Kellaway was responding to my question as to whether or not he thought that his eclectic musical stylings have helped his career or perhaps kept him from receiving an even more elevated status in the music industry, than he already enjoys, which would be difficult to imagine, considering, he served as Bobby Darin’s Musical Director for three years, served as Kevin Spacey’s Musical Director for two years in conjunction with the filming of the 2004 movie Beyond The Sea, and recently served as the Musical Director for Van Morrison’s live CD / DVD recording at the Hollywood Bowl. Kellaway’s ability to combine diversity and excellence has gained him the respect of those throughout the music industry. His recordings with his cello quartets early in his career, have recently been released again. In addition, he has in the past received commissions that included a ballet for George Balanchine and the New York City Ballet, orchestra compositions for the Los Angeles Philharmonic, The National Symphony, the New American Orchestra, a concerto for the New York Philharmonic, and chamber works performed at Carnegie Hall.
"In terms of the general public, I think that it is confusing. Let’s take Erroll Garner (jazz pianist/composer) for instance, somebody who could play for a very short period of time and was completely recognizable. Because I do so many different things, it is harder for my public or my fans to understand what the center is," says Kellaway.
Kellaway’s fondness for the music of Oscar Peterson, and that of Duke Ellington is in evidence on his current album. In fact Kellaway chose three Ellington tunes among the first five tracks of Live At The Jazz Standard, "Cottontail," opens his set, "C Jam Blues," follows, and the fifth track is, "I’m Beginning To See The Light."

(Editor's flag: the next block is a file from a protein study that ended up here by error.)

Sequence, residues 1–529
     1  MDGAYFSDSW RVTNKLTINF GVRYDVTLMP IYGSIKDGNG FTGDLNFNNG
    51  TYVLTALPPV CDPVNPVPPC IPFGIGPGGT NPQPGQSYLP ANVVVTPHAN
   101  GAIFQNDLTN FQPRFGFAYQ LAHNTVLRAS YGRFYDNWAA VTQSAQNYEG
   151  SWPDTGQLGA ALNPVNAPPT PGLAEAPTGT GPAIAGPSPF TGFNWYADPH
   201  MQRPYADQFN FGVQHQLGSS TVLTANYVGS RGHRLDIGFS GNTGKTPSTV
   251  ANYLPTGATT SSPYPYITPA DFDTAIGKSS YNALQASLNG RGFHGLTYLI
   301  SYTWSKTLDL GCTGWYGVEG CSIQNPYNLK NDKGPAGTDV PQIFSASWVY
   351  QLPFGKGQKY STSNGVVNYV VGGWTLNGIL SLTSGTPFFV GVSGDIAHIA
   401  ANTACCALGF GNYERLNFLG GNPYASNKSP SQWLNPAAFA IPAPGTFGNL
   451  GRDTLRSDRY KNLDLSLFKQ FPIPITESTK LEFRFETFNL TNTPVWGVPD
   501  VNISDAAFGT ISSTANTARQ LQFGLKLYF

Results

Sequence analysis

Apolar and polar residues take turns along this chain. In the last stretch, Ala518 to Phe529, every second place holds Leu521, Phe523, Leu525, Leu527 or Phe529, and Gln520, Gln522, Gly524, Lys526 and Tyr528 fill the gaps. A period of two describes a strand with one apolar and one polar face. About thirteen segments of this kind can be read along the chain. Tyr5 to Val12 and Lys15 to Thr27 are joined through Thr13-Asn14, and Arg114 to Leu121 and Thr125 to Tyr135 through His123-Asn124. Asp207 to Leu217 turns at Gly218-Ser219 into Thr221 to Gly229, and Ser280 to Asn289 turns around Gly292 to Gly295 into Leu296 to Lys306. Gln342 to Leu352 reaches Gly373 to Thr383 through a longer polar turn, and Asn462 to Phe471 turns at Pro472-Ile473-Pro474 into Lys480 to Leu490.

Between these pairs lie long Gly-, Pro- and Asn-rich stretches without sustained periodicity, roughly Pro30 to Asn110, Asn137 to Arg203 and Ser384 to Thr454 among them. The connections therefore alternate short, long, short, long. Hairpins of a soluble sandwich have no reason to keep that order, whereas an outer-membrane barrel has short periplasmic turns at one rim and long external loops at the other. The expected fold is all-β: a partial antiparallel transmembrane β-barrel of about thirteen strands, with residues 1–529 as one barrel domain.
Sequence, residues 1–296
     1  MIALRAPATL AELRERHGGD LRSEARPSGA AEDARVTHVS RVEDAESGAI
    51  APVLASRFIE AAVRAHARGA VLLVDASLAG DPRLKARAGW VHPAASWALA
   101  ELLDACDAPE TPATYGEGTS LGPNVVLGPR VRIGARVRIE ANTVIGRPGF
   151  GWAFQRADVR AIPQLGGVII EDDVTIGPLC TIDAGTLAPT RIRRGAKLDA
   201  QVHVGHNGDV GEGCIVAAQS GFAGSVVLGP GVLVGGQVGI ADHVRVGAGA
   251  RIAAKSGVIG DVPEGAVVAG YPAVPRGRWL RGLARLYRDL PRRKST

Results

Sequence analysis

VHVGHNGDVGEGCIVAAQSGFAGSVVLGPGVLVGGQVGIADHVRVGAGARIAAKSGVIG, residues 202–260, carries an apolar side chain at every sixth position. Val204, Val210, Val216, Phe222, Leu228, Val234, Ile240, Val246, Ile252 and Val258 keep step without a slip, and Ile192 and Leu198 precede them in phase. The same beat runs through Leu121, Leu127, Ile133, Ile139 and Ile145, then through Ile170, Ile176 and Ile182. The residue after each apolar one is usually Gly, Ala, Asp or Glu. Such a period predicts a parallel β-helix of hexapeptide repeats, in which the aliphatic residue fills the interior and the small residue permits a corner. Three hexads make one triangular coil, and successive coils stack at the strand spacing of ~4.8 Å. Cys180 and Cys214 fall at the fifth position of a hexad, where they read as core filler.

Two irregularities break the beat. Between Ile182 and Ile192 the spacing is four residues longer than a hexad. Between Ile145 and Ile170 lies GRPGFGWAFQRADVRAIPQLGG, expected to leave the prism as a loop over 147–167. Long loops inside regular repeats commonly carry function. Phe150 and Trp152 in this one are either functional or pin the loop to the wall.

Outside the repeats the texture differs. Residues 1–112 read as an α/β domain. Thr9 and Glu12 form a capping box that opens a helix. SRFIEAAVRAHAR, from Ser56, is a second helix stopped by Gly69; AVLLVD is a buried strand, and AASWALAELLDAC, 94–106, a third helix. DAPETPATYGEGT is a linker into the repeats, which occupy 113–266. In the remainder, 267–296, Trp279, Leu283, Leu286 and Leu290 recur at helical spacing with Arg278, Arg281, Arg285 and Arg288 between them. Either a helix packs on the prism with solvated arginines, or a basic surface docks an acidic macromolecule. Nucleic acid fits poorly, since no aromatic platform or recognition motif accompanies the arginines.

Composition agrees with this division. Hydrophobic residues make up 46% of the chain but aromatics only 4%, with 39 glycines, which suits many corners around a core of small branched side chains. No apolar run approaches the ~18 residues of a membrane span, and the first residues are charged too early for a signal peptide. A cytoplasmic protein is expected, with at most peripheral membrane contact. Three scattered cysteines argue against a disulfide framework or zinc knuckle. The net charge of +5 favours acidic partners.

"Duke Ellington wrote some great melodies, and when we look at the ability of the younger generation to do melody, it’s extremely frustrating, because they don’t know how to do it, which is too bad. Again, like Oscar Peterson is an example for my life, for sound, structure, imagination and melody, Duke fits in there, and they are great tunes to improvise on," says Kellaway.
As for why Kellaway settled on these three Ellington songs, "It just kind of turned out that way. "I’m Beginning To See The Light," was already in the book, and "C Jam Blues," was easy to pick, because we can throw it into any set and not have to worry about rehearsing anything. It is just the blues. "Cottontail," was also in the trio book."
Kellaway readily admits to the Oscar Peterson influences on Live At The Jazz Standard, "This takes me back to when I first met Oscar in Milan, I was with Gene Lees (book: The Will To Swing) and Gene turned to me and said, what is it about Oscar that you love? I said, ‘The will to swing, and that became the title of Gene’s book (an autobiography of Oscar Peterson)."